Coronavirus Emergency Funding Expected to Leap Political Hurdles
U.S. lawmakers are working to quickly pass a bipartisan bill providing billions of dollars in emergency funding to address the worldwide spread of a coronavirus.
Increasing the pressure on lawmakers to address the threat is the first U.S. coronavirus case with no known cause, meaning the female victim in Northern California did not travel outside the U.S. or come in contact with anyone who is infected.
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More cases likely
Nevertheless, health officials briefing lawmakers on the U.S. response said the public should not panic, even though more cases are expected.
“The risk of the American public is low,” said Dr. Robert Redfield, director of the Centers for Disease Control and Prevention. “We have an aggressive containment strategy that really has worked up to this time; 15 cases in the United States. Until the case that we just had in Sacramento, we hadn’t had a new case in two weeks. We do believe we’re going to continue to see new cases.”
The rapid movement of the virus is forcing many lawmakers to acknowledge that no one knows how much money will be enough, whether it’s the president’s $2.5 billion plan or Senate Democrats’ $8.5 billion proposal.
“We should just be ready to make sure our scientists and the folks that are on the front line, particularly the folks that are in public health systems and hospitals on the frontline have the resources and support,” said Rep. Ami Bera, a Democrat from California and a physician.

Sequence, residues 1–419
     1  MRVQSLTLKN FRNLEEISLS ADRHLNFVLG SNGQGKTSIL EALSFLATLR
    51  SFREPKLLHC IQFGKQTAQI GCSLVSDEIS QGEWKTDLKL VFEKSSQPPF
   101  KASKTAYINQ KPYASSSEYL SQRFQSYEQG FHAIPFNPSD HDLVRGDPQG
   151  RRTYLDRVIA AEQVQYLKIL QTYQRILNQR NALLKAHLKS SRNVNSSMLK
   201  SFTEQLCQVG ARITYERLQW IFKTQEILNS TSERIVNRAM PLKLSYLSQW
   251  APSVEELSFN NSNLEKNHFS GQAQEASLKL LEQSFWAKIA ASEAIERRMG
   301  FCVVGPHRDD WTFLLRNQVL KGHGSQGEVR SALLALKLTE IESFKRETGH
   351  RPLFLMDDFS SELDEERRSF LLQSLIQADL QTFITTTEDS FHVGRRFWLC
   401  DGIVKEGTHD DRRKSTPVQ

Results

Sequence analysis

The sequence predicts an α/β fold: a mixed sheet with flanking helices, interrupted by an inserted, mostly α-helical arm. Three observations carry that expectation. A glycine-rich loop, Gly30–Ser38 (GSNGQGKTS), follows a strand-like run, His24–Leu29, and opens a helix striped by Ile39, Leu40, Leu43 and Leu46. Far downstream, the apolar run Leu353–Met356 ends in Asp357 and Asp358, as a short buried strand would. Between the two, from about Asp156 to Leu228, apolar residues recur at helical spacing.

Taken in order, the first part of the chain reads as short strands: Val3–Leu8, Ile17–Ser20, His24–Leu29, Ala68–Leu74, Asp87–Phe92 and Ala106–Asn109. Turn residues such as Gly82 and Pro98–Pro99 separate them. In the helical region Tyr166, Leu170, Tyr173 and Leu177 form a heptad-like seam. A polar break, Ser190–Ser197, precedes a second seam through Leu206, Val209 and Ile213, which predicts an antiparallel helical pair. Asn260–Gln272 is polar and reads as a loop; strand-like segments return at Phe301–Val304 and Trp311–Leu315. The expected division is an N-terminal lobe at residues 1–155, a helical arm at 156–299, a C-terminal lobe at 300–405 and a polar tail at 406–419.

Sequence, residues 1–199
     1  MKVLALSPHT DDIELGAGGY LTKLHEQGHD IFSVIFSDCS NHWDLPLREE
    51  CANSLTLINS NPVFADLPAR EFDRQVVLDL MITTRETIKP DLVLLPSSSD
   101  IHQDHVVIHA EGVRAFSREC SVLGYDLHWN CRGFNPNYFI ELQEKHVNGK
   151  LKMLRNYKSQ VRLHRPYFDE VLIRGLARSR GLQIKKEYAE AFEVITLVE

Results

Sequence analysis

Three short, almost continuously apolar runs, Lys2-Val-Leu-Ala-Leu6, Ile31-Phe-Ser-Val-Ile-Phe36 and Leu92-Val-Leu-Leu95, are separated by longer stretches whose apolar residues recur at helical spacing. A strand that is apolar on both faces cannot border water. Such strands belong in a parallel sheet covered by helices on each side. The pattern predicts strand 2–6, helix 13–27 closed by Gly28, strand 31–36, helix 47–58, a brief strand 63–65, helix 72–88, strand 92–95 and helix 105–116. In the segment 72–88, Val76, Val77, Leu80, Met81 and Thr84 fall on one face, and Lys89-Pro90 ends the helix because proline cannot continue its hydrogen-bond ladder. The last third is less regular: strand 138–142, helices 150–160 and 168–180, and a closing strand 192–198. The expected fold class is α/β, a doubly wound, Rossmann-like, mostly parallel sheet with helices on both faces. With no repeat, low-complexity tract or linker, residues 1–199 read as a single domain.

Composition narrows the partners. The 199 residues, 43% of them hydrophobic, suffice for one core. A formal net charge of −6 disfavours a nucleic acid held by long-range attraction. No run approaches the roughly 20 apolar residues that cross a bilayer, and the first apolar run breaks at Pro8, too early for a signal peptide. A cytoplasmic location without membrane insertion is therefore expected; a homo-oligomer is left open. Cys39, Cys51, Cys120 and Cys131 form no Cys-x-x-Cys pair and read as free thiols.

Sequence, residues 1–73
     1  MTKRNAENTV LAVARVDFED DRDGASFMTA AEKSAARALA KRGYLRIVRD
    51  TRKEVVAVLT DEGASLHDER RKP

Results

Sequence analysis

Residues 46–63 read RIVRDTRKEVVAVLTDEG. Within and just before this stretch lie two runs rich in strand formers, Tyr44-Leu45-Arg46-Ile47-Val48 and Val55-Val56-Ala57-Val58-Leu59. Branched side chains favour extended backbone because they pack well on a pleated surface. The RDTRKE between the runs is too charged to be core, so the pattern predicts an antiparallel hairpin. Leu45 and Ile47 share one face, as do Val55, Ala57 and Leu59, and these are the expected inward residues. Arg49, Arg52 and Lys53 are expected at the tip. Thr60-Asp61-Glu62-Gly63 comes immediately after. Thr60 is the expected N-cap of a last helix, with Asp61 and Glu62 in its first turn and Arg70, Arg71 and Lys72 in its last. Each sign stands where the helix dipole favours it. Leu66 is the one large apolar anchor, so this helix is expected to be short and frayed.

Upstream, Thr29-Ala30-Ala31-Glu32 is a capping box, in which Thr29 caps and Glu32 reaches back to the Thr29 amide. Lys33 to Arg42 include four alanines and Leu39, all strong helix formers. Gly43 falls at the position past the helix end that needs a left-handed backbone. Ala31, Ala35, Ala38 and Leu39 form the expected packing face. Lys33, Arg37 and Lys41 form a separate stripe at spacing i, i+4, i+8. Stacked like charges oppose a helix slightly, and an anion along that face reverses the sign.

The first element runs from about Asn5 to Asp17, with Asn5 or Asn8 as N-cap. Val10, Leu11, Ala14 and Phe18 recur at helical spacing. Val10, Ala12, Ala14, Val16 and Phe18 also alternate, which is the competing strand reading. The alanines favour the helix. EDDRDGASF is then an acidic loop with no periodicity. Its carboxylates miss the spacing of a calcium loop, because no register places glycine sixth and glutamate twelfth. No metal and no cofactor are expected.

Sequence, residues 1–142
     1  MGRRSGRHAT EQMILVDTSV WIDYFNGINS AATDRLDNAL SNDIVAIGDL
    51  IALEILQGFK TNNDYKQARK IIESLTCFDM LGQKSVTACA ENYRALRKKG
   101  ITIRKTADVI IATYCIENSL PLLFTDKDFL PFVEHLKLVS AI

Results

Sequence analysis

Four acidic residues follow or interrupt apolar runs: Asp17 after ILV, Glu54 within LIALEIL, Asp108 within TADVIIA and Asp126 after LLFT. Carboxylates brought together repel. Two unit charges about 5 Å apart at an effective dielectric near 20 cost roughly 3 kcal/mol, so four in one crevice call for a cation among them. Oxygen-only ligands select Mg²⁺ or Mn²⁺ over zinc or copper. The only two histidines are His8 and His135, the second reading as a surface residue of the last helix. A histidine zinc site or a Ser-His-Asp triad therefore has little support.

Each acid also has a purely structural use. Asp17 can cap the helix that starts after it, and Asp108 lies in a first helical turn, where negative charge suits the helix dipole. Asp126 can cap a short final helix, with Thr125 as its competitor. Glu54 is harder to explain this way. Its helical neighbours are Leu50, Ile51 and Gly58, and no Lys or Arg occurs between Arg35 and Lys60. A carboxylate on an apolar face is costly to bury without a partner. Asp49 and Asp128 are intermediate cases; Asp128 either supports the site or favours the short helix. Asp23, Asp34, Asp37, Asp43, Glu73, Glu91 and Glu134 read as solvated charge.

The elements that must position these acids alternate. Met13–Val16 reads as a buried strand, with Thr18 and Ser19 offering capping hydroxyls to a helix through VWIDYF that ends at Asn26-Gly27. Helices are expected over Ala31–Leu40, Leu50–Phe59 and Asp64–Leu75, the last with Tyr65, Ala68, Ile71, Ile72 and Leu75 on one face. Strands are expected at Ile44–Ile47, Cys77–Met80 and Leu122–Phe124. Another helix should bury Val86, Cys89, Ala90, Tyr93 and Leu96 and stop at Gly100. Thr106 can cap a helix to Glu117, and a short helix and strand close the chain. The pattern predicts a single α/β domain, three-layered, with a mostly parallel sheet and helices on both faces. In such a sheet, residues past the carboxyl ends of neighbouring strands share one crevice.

Despite political disagreements, lawmakers are expecting to pass that extra funding by mid-March.
McConnell, speaking on the Senate floor, said he has faith that bipartisan discussions on the Senate Appropriations Committee would agree on “the right sum … at this time to ensure our nation’s needs are fully funded” within the next two weeks.
House Speaker Nancy Pelosi, who has tried to calm fears about the virus by visiting a Chinatown in her California congressional district, said lawmakers were getting close to a deal.
“We must stand ready to work in a bipartisan fashion in Congress, and with the administration to achieve the necessary goal,” she said. “Lives are at stake. This is not a time for name calling or playing politics.”
Reuters contributed to this report.